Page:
Hazard Analysis Critical Control Point (HACCP)
Safe Food is Good Business

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Spanish Version: Puntos de control críticos en el análisis de peligro

What is HACCP?

Hazard analysis critical control point is a seven step process a food producer or establishment operator can use to develop a food process based, food safety plan. The HACCP process identifies critical control points and aids in the development of food process safety control measures.

What are the seven steps in HACCP?

  1. Conduct food safety hazard analysis.
  2. Identify critical control points (CCPs).
  3. Establish critical limits for preventative measures.
  4. Establish monitoring procedures for control points.
  5. Establish corrective actions.
  6. Establish effective record keeping systems.
  7. Establish procedures for verification that HACCP is working.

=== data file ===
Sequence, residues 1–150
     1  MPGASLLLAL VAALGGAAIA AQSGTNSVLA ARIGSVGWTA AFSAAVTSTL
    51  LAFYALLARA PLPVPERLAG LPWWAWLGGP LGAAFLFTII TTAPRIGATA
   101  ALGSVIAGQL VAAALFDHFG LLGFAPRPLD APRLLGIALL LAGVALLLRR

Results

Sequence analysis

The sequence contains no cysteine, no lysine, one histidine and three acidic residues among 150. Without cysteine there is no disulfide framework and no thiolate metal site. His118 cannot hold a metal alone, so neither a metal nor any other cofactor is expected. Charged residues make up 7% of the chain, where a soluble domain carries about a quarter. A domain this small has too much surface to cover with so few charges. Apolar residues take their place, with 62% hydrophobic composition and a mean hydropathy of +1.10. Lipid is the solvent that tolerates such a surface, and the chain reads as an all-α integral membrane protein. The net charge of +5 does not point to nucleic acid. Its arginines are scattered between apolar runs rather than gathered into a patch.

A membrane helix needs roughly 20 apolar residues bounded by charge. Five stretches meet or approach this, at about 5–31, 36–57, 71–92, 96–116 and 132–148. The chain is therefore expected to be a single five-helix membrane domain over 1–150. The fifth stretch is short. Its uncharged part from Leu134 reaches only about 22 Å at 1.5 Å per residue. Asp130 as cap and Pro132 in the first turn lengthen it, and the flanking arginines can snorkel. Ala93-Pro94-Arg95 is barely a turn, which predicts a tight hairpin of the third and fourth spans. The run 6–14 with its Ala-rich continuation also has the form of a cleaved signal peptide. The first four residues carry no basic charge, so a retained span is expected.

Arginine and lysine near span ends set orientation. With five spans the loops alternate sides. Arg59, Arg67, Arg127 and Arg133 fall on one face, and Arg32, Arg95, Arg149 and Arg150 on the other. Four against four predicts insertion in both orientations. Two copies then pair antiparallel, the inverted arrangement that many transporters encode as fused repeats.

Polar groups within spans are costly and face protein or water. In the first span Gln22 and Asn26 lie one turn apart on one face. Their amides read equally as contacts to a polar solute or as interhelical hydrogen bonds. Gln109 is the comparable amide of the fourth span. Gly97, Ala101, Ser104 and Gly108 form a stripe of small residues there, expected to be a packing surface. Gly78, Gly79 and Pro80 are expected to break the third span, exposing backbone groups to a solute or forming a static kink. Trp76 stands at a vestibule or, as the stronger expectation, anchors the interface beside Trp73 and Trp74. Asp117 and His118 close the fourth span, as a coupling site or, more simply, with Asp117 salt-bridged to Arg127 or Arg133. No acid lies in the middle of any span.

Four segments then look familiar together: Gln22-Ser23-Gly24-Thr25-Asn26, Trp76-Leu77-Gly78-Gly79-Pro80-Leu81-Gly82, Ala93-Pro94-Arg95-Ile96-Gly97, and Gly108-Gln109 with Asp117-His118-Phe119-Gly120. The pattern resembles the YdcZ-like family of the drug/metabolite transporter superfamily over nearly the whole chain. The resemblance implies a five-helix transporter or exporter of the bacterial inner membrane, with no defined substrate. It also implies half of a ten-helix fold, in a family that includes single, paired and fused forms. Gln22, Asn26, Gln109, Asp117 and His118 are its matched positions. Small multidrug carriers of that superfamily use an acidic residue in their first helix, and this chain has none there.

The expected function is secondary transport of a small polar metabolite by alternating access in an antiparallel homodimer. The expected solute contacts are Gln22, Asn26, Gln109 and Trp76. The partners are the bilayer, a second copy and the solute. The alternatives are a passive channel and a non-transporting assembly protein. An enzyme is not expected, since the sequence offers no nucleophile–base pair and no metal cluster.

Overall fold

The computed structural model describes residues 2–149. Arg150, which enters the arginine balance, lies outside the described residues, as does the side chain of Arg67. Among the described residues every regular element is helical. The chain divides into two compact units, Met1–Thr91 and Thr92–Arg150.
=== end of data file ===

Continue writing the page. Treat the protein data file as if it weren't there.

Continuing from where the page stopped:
HACCP Planning Information is in the FDA Food Code

Annex 5: Contains HACCP guidelines.
Annex 6: Contains food processing criteria.

Who is required to have a HACCP plan?

1. Food establishments that:

  • Cure or smoke food, except for smoking done for the purpose of imparting flavor only and not as a part of the cooking process.
  • Use food additives as a method to preserve food or change food into a non-potentially hazardous food.
  • Use a reduced oxygen method for packaging food.

2. Food establishments that apply for a variance to:

  • Use more than one tagged shellstock container at a time.
  • Deviate from required cooking times and temperatures for raw animal foods.
  • Use molluscan shellfish life-support system display tanks to store and display shellfish that are offered for human consumption.
Updated Tuesday, April 30, 2013 at 04:39PM